Canberra should now match its sweet talk with deeds: China Daily editorial
In a welcome change of tone, high-ranking Australian politicians have begun to talk favorably about Australia's ties with China of late, and displayed a strong desire to maintain a good relationship with China. However, their sweet talking will need to be matched by suitable deeds to ensure the healthy development of bilateral cooperation.
In a speech at the University of New South Wales on Tuesday, Australian Prime Minister Malcolm Turnbull talked at length about his understanding of China and its continuing reform and opening-up and stressed the importance of Australia's ties with China, saying that his country looks forward to working with China on Belt and Road Initiative projects.
"We're committed to working with China's leaders to advance our Comprehensive Strategic Partnership, a great framework within which to advance our mutual and complementary interests," he said. He also stressed that Australia will continue to welcome students, tourists, researchers and investors from China.
Prior to Turnbull's speech, Australian Foreign Minister Julie Bishop delivered the same message when meeting with Chinese Foreign Minister Wang Yi on the sidelines of the Association of Southeast Asian Nations foreign ministers’ meeting and related meetings in Singapore.
Bishop said Australia attaches importance to ties with China and hopes to enhance mutual understanding and trust with China so as to promote all-round bilateral cooperation.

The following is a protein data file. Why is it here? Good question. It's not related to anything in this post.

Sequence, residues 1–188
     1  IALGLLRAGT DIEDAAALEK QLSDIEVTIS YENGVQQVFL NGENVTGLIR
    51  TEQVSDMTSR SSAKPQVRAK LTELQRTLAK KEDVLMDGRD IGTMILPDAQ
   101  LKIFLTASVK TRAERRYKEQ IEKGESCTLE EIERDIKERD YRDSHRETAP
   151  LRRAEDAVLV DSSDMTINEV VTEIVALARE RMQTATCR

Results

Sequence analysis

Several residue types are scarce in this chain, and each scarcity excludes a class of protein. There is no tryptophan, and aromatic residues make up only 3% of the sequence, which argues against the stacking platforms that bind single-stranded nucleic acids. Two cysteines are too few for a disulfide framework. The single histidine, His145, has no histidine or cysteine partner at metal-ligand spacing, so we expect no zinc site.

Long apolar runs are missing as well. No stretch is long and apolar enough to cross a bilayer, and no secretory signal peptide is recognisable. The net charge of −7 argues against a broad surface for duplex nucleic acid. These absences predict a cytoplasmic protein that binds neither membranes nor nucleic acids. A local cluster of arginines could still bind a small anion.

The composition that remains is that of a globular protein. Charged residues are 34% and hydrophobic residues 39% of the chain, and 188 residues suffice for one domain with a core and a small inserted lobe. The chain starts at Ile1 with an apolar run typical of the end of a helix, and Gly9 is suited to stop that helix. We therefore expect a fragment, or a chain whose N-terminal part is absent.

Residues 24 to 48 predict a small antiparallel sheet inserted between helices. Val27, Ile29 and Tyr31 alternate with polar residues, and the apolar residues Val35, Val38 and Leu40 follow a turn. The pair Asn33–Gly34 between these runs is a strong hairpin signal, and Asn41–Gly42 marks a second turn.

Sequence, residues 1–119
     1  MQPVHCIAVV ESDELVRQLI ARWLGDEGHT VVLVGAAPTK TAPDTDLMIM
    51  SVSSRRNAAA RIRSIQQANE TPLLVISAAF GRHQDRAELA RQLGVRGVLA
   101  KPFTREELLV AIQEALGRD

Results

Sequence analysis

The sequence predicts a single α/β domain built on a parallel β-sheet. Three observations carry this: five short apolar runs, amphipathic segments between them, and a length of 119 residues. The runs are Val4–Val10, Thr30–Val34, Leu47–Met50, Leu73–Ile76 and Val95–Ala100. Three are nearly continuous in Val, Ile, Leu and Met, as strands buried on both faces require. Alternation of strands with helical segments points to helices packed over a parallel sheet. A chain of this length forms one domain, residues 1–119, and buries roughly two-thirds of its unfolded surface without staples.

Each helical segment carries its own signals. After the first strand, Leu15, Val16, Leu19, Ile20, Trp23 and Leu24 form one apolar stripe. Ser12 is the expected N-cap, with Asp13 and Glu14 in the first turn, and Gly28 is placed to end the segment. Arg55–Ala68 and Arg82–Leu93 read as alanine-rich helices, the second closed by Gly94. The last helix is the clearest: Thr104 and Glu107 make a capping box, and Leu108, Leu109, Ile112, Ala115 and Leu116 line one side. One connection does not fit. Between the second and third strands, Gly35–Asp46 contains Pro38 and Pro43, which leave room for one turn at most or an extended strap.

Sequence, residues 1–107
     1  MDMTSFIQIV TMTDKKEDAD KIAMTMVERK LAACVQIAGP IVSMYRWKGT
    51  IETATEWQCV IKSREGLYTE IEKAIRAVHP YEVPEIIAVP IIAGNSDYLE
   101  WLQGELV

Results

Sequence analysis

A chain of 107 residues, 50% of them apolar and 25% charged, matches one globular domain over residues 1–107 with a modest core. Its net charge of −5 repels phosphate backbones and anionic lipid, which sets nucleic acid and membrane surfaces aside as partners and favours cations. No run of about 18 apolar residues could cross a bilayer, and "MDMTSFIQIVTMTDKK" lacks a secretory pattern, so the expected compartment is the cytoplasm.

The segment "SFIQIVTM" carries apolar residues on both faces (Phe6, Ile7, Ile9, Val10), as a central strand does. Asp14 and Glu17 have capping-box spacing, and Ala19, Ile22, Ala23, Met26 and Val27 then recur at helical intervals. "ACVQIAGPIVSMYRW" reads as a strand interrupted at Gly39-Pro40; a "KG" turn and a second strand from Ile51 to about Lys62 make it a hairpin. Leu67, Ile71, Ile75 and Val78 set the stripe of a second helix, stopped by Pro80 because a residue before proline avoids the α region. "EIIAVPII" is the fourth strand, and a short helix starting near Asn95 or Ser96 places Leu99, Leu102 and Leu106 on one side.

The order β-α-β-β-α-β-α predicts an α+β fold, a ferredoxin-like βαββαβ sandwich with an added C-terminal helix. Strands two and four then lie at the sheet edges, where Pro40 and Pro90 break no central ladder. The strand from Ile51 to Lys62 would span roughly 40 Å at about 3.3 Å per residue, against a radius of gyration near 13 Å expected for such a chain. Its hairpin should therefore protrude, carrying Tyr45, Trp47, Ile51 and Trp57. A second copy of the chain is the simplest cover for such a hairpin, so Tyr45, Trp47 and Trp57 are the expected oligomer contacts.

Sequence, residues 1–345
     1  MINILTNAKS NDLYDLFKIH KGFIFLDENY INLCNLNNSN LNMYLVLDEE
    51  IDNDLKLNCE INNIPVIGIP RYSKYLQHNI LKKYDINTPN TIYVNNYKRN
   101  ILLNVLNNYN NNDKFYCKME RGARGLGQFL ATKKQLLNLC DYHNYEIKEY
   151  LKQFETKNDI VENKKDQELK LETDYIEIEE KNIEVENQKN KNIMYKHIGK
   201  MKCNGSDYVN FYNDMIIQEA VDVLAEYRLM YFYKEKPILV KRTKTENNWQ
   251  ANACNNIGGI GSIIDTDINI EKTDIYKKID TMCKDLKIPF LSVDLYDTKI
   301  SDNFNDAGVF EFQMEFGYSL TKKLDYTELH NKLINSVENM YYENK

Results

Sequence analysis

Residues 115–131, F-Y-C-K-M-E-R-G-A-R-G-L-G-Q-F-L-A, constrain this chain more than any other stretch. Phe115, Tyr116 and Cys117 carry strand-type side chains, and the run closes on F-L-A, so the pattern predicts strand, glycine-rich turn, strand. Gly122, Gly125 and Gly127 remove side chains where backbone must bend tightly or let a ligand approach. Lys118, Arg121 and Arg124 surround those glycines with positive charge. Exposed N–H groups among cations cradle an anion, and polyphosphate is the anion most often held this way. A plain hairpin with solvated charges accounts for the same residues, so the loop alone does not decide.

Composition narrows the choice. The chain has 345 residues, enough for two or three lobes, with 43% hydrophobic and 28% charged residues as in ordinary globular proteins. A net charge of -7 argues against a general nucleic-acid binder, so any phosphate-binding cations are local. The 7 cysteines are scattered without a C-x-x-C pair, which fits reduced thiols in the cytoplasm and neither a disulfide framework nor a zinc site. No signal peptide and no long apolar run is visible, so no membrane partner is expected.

These overtures suggest that Canberra is now eying a rapprochement with Beijing after bilateral ties experienced some difficulty this year as a result of the anti-China sentiment fueled by the media and some Australian politicians' bias against Beijing, which has adversely impacted business interaction, Chinese investment in Australia, and even official communication between the two countries.
Obviously, the current undesirable picture does not cater to the interests of the two countries and peoples. China is always willing to maintain healthy and reciprocal relations with Australia as long as Australia sees China through a fair and just lens.
It has become Canberra's ingrained habit to follow Washington's lead. However, to enjoy the favors of good fortune requires changing with the times. And for Australia that means strengthening pragmatic cooperation with China.
It is hoped that the change in Canberra's rhetoric will be appropriately demonstrated to enhance trust and cooperation, so the two countries can turn a new page in their relations and focus on working together for their shared benefit and the good of the region.